There is a time in the career of many legal professionals - myself included - where we will use Google to find an answer. While many argue it’s not a terrible starting point, it absolutely cannot finish there. If you draw analogies with medical profession, it’s clear why that would be a problem - how often do we self-diagnose to find out that, our rare tropical infection is actually a spate of digitally induced hypochondria…. Further, if you’re a senior lawyer relying on your junior to provide the best research, something taken from Google or Bing is not going to make your day. And while they will never say so, often the pressure of deadlines could lead them down that path – a path which is usually obvious to critical eye of senior practitioners. This is worse still if you’re a client, paying handsomely for trustworthy advice that is cribbed from Google.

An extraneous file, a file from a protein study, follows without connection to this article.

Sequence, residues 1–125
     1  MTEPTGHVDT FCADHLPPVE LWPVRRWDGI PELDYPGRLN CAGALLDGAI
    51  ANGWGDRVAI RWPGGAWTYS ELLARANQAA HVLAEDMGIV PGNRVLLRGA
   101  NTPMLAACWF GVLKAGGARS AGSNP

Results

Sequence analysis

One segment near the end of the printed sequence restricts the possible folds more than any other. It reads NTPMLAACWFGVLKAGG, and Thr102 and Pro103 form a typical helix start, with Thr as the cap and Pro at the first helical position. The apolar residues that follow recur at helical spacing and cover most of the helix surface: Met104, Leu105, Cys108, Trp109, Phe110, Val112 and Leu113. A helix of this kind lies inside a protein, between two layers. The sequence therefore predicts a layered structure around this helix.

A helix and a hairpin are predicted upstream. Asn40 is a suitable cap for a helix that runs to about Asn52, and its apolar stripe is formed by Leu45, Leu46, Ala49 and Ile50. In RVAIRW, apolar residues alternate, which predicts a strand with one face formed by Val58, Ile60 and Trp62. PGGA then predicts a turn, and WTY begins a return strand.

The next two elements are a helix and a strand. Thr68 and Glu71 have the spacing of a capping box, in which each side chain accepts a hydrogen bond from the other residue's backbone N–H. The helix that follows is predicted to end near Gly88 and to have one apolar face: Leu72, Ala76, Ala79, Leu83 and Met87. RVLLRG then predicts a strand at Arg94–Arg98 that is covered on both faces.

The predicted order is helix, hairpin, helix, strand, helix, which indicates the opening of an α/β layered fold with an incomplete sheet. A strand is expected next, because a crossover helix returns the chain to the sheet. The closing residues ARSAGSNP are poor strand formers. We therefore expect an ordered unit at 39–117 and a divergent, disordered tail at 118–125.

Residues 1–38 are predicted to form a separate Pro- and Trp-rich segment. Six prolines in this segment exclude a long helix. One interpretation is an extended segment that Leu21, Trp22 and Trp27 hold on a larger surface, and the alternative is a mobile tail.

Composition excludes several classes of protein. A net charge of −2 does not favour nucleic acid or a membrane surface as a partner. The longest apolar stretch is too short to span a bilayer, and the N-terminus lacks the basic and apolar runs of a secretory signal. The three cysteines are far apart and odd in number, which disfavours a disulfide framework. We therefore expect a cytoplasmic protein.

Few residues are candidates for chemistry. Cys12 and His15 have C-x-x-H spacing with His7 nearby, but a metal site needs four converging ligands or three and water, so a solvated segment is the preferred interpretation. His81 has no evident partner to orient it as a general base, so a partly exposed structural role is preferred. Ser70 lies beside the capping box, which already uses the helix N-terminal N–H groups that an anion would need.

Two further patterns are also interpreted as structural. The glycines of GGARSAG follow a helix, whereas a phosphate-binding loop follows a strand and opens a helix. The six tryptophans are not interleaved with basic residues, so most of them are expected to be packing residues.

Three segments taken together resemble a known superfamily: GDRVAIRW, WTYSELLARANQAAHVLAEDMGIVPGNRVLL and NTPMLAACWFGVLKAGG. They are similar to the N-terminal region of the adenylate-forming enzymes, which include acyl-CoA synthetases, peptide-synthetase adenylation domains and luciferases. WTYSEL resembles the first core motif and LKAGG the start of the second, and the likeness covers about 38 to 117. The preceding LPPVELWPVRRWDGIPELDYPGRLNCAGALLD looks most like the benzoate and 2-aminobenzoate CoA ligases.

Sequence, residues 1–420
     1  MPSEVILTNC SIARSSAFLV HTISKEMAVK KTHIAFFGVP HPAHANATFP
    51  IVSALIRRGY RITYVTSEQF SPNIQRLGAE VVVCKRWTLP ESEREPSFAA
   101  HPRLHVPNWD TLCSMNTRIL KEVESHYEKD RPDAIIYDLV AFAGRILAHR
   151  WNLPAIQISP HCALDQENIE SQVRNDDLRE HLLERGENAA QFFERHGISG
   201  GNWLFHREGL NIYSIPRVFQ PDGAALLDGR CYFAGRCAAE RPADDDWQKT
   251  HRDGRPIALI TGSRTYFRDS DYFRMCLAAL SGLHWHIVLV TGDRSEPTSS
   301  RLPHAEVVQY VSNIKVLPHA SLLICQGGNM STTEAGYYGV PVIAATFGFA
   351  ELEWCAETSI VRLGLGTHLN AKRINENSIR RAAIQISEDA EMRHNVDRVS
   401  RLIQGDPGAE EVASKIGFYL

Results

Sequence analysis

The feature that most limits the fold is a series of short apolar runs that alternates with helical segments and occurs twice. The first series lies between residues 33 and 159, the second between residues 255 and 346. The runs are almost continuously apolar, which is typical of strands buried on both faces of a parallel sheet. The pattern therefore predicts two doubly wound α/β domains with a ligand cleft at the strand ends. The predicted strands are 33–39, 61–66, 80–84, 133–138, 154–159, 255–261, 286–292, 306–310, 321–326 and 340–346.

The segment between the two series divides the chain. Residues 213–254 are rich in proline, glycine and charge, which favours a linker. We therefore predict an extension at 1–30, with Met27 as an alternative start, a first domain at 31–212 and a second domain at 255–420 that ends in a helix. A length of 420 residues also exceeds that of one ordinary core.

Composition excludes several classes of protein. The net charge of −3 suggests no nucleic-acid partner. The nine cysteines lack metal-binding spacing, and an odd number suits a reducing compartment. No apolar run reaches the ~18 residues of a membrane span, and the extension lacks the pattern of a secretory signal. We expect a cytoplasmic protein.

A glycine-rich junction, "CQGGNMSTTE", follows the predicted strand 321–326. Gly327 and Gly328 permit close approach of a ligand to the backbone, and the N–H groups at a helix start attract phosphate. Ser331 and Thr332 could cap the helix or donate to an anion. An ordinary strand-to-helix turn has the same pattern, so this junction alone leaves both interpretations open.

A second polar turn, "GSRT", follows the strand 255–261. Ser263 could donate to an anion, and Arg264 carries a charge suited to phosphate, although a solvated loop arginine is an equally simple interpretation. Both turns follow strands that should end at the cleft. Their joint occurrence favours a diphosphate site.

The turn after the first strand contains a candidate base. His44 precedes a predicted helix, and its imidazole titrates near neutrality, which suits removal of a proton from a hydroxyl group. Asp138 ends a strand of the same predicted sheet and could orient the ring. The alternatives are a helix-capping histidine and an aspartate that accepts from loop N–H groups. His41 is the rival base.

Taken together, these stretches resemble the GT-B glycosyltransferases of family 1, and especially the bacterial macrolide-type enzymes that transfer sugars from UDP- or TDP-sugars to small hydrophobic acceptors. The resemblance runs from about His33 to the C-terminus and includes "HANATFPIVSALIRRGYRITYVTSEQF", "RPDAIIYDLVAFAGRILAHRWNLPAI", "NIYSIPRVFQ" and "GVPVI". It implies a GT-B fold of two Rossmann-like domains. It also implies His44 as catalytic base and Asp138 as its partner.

A little bit of knowledge can be a dangerous thing

I’m certainly guilty of this when I go to the doctors, arriving with some half-baked theory of an ailment I might have but almost definitely do not. And I’ve often thought this must be a frustrating experience for doctors and nurses. Similarly, clients (courtesy of internet search engines) are arriving to their legal advisers with theories on what might be best course of action. This is a new form of “collaboration” that might be less helpful than it might seem. It’s never the best start to an engagement to begin by dismissing an idea from your client but good legal training might compel you to do so. Trusted relationships developed “offline” are essential.

Let me mentor you…from a distance

The reason I titled my piece “don’t forget the humans” is that one of the counter-intuitive challenges presented by technology is the tendency to reduce human interaction – opposite to the promise of greater connection. In days gone by, the mentorship provided by senior practitioners to trainees and juniors was an invaluable, indeed essential, part of the profession. While mentoring still happens, one wonders if it has been impoverished by the pervasion of introductory videos, online seminars and other digital experiences, over more personal, human interaction.